Jin-Hong Shin, Yi Lai, Yongping Yue, Arun Srivastava, Bruce F. Smith, Dongsheng Duan.  Molecular Microbiology and Immunology, University of Missouri, Columbia, MO; Division of Cellular Biology and Molecular Therapy, University of Florida, Gainesville, FL; Department of Pathobiology, Auburn University, Auburn, AL.

Adeno-associated virus (AAV)-mediated micro-dystrophin expression is a promising strategy to treat Duchenne muscular dystrophy (DMD). Two recent reports demonstrated micro-dystrophin expression in dog models of DMD with traditional AAV serotypes. While their results are encouraging, there are several limitations. First, the micro-dystrophin used in these studies cannot restore neuronal nitric oxide synthase (nNOS) to the sarcolemma. Second, the transduction efficiency of traditional AAV serotypes may not meet the clinical need. Third, a complicated immune suppression scheme was used to prevent immune rejection. To further improve AAV micro-dystrophin gene therapy, we tested a novel R16/17 microgene, a tyrosine-mutant AAV-6 vector and an abbreviated immune suppression protocol in the golden retriever muscular dystrophy (GRMD) model. In contrast to the previously published microgenes, the R16/17 microgene recovers membrane-associated nNOS expression and enhances exercise performance. Recent studies also suggest that mutating surface tyrosine residues can significantly boost AAV transduction efficiency. We delivered 2.85 x 1012 v.g. particles of the tyrosine-mutant AAV-6 canine R16/17 microgene vectors to the forelimb muscles of three GRMD dogs. Immune suppression with oral cyclosporin and mycophenolate mofetil started at one week before injection and continued for five weeks. Injection sites were marked with a tattoo dye. Muscle samples were obtained at 3, 7 and 11 weeks after injection. Robust micro-dystrophin expression was observed in all the time points. No scene of extensive inflammatory cell infiltration was observed at any time point. Taken together, our results suggest that tyrosine-mutant AAV-6-mediated R16/17 microgene expression may represent a viable approach for DMD gene therapy. Further, a relatively brief course of immune suppression may suffice the need of pre-clinical studies in the dog model.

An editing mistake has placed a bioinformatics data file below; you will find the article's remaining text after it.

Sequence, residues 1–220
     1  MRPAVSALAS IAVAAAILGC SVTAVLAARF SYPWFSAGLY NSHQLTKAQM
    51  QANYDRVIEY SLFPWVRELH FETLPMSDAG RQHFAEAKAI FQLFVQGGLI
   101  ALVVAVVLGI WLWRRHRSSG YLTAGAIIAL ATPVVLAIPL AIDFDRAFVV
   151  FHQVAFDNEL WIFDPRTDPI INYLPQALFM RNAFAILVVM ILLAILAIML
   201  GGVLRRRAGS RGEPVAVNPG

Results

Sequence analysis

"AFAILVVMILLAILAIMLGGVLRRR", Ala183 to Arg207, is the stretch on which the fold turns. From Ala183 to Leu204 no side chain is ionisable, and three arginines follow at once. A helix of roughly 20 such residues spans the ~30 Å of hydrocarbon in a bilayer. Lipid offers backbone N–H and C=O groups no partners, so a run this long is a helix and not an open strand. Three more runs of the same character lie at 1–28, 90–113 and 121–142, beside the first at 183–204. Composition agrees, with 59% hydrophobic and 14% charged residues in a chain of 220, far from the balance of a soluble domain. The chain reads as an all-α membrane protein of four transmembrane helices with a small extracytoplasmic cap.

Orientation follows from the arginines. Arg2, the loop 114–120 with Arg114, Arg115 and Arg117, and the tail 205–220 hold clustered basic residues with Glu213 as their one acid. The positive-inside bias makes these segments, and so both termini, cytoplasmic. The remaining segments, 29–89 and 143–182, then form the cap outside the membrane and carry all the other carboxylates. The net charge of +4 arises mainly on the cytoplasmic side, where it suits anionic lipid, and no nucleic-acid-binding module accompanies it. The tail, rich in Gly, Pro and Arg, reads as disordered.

33) Reverse Perfusion Affords Efficient Whole-Body Gene Transfer to Muscle in the Large Animal

Frederick Balzer, Jacqueline Farag, Alock Malik, Mihail Petrov, Andrew Mead, Benjamin Kozyak, Kapil Gopal, Marilyn Mitchell, Connie Choi, Jessie Chen, David Low, Charles Yarnall, Charles Bridges, Hansell Stedman.  Surgery, University of Pennsylvania School of Medicine, Philadelphia, PA.